Alibaba beats forecast with 56pc jump in sales, helped by growth in e-commerce, cloud computing

Alibaba beats forecast with 56pc jump in sales, helped by growth in e-commerce, cloud computing

Alibaba Group Holding beat analysts’ forecasts and posted a 56 per cent jump in its first-quarter revenue, helped by sales growth in cloud computing and its business operating the largest online shopping platforms on the planet.

Sales rose to 50.2 billion yuan (US$7.5 billion) in its first quarter ended June, surpassing the 47.9 billion yuan consensus estimate in a Bloomberg survey. Net profit jumped 96 per cent to 14 billion yuan during the period.

The bulk of the Hangzhou-based company’s revenue came from its core e-commerce business, including the online shopping platforms Taobao, Tmall, and its international business units like AliExpress and Lazada in Southeast Asia, where sales rose 58 per cent to 43 billion yuan from last year.

image“Revenue acceleration in our China retail marketplaces continues to benefit from robust growth in average spending per merchant and the number of paying merchants, which reached a historical high during the quarter,” according to a statement by Alibaba, which owns the South China Morning Post.

Alibaba earns revenue from e-commerce by offering paying merchants consumer insights and advertising options to better target and engage customers.

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As many as 529 million people use the Taobao shopping app on their smartphones every month, an increase of 4.3 per cent from March this year, Alibaba said. The company turned its focus to the offline market since 2015, investing more than US$8 billion in brick-and-mortar retailers such as in the Chinese electronics chain Suning, department store chain Intime Retail Group and supermarket chains Lianhua and Sanjiang.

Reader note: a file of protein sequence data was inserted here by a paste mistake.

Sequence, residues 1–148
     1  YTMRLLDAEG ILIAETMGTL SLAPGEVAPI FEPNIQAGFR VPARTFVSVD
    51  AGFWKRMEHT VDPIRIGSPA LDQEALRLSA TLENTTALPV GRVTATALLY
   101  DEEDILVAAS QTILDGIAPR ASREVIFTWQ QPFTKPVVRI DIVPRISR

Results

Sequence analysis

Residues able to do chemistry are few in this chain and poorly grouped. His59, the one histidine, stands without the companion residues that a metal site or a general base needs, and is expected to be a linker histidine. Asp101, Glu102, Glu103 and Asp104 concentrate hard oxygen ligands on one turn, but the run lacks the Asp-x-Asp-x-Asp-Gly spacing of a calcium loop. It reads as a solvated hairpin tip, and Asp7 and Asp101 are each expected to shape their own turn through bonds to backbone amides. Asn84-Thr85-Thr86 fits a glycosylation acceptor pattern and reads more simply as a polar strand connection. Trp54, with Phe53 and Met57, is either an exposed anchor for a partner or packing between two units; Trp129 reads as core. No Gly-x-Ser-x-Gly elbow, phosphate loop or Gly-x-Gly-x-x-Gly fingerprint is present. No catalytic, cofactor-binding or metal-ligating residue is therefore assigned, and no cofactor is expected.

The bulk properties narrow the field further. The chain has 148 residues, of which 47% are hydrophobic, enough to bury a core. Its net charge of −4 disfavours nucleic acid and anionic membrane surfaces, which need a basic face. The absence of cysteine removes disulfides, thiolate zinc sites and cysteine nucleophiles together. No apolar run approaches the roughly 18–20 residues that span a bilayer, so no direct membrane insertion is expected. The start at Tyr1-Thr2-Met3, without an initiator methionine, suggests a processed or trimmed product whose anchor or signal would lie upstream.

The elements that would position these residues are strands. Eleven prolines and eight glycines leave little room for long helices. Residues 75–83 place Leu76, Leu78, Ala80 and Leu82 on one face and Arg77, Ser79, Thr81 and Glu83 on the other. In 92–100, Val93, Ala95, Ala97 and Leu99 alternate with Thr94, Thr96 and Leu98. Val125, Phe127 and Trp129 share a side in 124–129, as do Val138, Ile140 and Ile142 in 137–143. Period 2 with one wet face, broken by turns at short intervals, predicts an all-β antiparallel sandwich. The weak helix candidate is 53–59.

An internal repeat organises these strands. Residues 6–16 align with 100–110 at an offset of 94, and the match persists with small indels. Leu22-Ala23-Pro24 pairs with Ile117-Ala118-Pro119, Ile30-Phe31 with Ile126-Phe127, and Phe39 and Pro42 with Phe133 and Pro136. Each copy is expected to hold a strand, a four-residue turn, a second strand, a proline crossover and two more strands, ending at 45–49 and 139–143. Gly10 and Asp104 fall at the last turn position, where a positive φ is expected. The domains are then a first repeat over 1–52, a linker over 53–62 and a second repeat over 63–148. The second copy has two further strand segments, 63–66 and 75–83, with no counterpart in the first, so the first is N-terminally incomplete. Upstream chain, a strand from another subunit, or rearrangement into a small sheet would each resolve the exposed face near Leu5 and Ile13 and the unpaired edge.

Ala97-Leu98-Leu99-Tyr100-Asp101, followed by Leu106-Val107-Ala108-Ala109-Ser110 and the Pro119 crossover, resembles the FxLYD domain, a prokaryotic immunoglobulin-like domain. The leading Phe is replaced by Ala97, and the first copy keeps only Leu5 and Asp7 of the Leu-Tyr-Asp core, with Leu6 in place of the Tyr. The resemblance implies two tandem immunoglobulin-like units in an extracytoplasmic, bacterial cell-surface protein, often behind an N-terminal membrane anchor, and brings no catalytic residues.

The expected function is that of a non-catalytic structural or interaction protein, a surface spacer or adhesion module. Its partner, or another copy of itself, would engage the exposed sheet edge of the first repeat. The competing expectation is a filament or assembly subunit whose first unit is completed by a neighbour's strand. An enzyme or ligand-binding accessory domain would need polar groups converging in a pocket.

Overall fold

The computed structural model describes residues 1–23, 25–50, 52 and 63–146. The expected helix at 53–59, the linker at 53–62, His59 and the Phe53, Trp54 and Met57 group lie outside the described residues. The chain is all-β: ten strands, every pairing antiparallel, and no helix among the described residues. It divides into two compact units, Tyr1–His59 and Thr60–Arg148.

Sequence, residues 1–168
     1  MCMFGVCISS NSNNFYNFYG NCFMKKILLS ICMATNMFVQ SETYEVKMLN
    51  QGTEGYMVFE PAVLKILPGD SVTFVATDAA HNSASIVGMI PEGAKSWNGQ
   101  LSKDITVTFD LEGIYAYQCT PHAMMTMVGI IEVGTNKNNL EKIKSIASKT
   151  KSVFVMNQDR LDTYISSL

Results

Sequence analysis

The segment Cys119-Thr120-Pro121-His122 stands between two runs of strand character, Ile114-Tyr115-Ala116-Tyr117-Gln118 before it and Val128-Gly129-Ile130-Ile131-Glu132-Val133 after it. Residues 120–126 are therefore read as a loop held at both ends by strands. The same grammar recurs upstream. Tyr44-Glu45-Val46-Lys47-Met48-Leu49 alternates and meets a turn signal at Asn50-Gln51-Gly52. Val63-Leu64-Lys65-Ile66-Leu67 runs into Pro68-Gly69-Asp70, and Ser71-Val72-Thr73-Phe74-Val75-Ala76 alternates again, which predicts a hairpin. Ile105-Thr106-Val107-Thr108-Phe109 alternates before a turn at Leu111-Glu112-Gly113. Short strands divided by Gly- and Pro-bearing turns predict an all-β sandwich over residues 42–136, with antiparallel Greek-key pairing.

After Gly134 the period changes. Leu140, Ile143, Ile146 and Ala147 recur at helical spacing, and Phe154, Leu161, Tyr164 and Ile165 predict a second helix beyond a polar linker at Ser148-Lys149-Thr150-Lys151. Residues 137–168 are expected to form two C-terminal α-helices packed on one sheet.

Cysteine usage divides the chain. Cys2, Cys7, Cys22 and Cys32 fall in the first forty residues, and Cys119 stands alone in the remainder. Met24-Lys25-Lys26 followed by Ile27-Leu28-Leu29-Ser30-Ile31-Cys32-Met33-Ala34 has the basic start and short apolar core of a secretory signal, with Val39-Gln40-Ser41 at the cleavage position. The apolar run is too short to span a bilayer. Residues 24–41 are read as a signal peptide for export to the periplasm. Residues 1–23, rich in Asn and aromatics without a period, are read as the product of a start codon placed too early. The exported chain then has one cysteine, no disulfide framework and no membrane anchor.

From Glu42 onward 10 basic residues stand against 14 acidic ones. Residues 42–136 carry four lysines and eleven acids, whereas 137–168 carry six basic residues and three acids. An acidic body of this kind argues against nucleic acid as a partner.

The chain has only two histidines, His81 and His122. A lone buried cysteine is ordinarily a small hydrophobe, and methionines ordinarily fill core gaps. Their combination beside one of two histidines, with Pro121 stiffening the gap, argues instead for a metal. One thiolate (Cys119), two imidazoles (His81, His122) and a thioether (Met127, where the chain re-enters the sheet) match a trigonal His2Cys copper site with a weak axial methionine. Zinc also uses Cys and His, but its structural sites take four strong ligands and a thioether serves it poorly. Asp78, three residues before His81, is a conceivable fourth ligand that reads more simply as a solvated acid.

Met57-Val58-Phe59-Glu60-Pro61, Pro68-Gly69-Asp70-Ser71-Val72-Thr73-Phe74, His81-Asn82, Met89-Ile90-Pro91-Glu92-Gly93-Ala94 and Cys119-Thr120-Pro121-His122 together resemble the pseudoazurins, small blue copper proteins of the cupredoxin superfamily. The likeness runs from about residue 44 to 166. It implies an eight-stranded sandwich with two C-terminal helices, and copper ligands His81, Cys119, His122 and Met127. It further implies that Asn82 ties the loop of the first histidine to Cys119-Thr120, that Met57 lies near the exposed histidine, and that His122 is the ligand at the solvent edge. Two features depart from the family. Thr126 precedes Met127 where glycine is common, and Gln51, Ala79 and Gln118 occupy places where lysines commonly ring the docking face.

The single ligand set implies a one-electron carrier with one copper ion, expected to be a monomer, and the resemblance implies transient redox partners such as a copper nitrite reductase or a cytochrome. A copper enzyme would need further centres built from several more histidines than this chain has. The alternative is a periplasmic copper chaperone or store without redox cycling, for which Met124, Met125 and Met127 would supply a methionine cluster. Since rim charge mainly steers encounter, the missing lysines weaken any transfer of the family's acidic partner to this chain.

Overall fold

It launched 13 Hema Supermarkets since 2015, which offer what Alibaba calls a “new retail experience” by combining both online and offline shopping features. Users can shop from the comfort of their homes with direct delivery, by linking their Hema mobile app to Alipay, the electronic payment system operated by an Alibaba affiliate.

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The company, whose stock has been listed in New York since 2014, also operates one of Asia’s largest cloud computing business. Revenue from cloud computing grew 96 per cent to 2.4 billion yuan during the quarter from last year, with more than 1 million customers.

Revenue in Alibaba’s digital media and entertainment businesses grew 30 per cent to 4 billion yuan, a slower pace compared with the 234 per cent surge in the previous quarter. Contributions came from valued-added services such as news feeds and mobile search contributed by its browser service UCWeb. Still, the segment continued to be unprofitable, losing 3.4 billion yuan in the quarter as Alibaba continued to invest in content on video platform Youku Tudou to spur growth in users and subscriptions.

Internationally, the company is also expanding into Southeast Asia, investing another US$1 billion into Singapore-based e-commerce retailer Lazada in June, taking its total investment in the retailer to US$2 billion. It now has a stake of about 83 per cent in Lazada, which is valued at about US$3.15 billion.

Alibaba’s shares rose 1.1 per cent on Wednesday in New York trading before earnings were announced, rising to a record US$159.50, giving the company US$408.5 billion in market capitalisation as Asia’s most valuable company.